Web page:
A Malaysian Blog about Food, Family and Friends – by Lyrical Lemongrass
Do not say, “It is morning,” and dismiss it with a name of yesterday. See it for the first time as a new-born child that has no name.
We are all nomads, but I find myself gravitating to a time when we used to quote from Tagore and smile at the discovery of a new truth. The aphorisms in Stray Birds are so simple and so clear that I sometimes think that our minds are clouded with complexities that blind us. I seek joy in things of beauty, sometimes in Prada, sometimes in a newly bloomed flower in my garden of weeds, and sometimes in a friendship with a red-haired friend. All very different representations of beauty, but which serve to open my eyes and heart like a newly acquired pair of spectacles presented to me by a heart surgeon. And while I always whip off my glasses when I’m being photographed, they’re placed back on my snub nose in a jiffy so that I may see again.
The whitewashed tables and chairs were the first items to catch my fancy at IR1968, an Indonesian restaurant which was established in Hong Kong in 1968 (an excellent vintage year, if I may add) and which only just opened its doors in our fair land. It was refreshing to see the vibrant coloured cushions against the white background and curtains with repetitive prints of tree trunks, a far cry from the stereotype frequently associated with Indonesian restaurants.
The food is not typically Indonesian; some of the dishes have Chinese influences and some of the flavours have been dumbed down to suit certain palates, but nevertheless, I was still impressed with the offerings on the menu when I visited the restaurant last week. Among the dishes, the Gado-Gado, a quintessential Indonesian salad containing tofu, bean sprouts, cabbage, cucumber, lettuce, potato, egg and keropok, stood out. It was served with a thick and sweet peanut sauce. The Tauhu Goreng Telur – fried beancurd mashed into large chunks and fried with egg like an omelette -was fragrant and crisp and I thought it was lovely enough when eaten on its own without the peanut sauce or fried shallots.
The Rendang was tender and creamy, more like a thick curry and thus quite different from our Malay style rendang, but putting expectations aside, it was still very enjoyable. It was our first time trying Kari Buntut, an ox tail curry which was spicier but more watery compared to the Rendang. It was cooked, curiously enough, with a host of vegetables, taufu pok and beancurd sheets. Looking beyond the authenticity of this dish, it was excellent when eaten with a serving of rice.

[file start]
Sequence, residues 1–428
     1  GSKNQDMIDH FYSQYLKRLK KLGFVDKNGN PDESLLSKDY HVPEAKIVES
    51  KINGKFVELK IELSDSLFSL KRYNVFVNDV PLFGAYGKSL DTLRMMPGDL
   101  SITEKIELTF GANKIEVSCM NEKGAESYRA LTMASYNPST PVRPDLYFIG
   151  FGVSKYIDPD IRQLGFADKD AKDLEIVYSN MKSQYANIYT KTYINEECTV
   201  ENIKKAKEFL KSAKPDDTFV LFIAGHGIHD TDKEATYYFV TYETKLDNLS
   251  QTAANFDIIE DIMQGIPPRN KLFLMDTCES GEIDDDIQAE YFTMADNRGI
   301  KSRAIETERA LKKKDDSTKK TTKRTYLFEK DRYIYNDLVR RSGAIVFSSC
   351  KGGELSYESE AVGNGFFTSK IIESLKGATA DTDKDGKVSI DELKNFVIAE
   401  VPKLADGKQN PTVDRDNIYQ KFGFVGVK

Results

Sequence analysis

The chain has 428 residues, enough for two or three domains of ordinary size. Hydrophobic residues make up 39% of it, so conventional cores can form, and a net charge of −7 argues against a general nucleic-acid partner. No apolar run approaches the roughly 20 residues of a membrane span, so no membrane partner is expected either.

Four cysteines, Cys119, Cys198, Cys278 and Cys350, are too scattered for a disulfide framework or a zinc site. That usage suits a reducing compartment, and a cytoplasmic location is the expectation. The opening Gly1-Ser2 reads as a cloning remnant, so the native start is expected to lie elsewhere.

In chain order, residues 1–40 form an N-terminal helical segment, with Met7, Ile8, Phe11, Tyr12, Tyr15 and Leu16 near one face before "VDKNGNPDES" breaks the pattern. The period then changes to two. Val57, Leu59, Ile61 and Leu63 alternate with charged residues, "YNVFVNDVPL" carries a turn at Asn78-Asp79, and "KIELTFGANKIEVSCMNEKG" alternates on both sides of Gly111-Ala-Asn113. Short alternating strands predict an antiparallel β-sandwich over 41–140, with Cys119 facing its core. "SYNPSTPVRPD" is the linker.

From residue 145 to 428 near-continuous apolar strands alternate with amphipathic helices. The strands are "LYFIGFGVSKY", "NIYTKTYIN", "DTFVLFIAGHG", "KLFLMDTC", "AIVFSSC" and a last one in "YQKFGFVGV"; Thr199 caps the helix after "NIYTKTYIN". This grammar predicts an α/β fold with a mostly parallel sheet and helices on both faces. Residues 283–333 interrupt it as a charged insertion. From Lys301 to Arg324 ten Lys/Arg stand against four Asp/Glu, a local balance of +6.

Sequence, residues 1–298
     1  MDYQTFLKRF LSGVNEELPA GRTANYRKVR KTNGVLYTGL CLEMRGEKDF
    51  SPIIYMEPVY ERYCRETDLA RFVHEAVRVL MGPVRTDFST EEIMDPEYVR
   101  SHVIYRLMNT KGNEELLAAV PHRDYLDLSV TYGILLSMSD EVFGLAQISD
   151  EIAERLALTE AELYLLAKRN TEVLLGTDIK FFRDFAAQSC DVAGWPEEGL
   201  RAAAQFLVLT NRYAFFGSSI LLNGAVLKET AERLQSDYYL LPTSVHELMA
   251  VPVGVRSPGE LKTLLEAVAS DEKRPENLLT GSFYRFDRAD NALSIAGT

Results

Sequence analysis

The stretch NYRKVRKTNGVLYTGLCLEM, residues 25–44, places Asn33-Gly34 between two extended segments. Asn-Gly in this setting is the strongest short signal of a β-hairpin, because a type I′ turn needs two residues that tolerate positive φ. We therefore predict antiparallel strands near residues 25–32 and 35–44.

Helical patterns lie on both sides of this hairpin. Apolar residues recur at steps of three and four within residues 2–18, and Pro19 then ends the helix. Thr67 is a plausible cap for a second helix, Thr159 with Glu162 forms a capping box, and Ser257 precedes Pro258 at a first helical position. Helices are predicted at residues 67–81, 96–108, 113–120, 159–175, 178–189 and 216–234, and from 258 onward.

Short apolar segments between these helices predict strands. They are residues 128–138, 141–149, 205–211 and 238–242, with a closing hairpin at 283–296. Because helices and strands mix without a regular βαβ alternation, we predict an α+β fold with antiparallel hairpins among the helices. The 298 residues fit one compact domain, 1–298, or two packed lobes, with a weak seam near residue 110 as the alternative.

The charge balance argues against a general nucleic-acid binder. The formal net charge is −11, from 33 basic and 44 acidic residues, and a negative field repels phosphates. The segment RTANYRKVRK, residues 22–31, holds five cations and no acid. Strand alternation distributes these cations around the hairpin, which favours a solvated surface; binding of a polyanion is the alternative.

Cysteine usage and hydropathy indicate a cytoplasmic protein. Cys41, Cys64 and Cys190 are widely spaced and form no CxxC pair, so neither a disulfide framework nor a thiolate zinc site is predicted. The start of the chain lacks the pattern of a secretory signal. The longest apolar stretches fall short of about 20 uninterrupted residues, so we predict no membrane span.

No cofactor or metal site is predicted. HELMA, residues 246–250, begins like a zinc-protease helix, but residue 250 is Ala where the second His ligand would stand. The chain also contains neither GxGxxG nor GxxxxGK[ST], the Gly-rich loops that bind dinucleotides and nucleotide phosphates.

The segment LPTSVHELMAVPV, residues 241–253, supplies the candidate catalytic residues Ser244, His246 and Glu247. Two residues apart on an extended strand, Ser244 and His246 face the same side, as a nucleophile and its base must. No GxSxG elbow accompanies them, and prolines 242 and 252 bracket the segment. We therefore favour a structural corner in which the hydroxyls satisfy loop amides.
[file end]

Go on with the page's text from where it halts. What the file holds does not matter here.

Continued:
The Sate Ayam came with succulent morsels of chicken but it lacked the requisite charred quality, and so I found myself more attracted to the chopped chilli and kechap manis sauce which was served on the side (meant to be eaten with the sliced cucumbers). Not a bad thing, especially when eaten with rice and the above two curries. The Chicken Wings, fried with shrimp paste, was highly addictive with its moderately spicy and pungent flavour.
I loved the noodle dishes. The Bakmi Goreng with Seafood in IR1968 is essentially Sang Mee (crispy noodles) topped with a delicious seafood sauce consisting of fresh, crunchy prawns and squid, and while the purists may dispute the label, I thought it was a very tasty Sang Mee dish. The Meehoon Goreng, a simple dish, was fragrant with the flavour of seafood and fried egg and sambal. An absolute must-order.
For desserts, skip the fried pineapple (which seemed to have come from a can) and try the pulut, a rich creamy concoction that will leave you quite satisfied.
Prices are a bit random. I thought the Taufu Goreng Telur expensive at RM18 considering that it contained only tofu and eggs, but the other dishes seemed more consistent in pricing. Be prepared to fork out between RM50 to RM80 per person for food, but rest assured that the ambience is warm and cozy enough that you won’t feel like you have given your pound of flesh.
For a cheaper fix, try the executive set lunches (presumably on weekdays only) priced from RM18.
Terrace at Hock Choon
241-B, Lorong Nibong, Off Jalan Ampang
50450 Kuala Lumpur.
Tel: 017-209 8477
Acknowledgements: To my BFF, A Lil Fat Monkey, for loaning me his camera for three shots used in this post, to my dear friend, Hairyberry, for sharing many moments of Tagore with me, to my red-haired friend, Msiagirl, who brought so much love and beauty into my life….thank you.
The best does not come alone. It comes with the company of the all.
Food, for me, is a means to an end and not an end in itself.
Food, for me, represents the love of family, the fellowship of friends, and the community and communality it brings.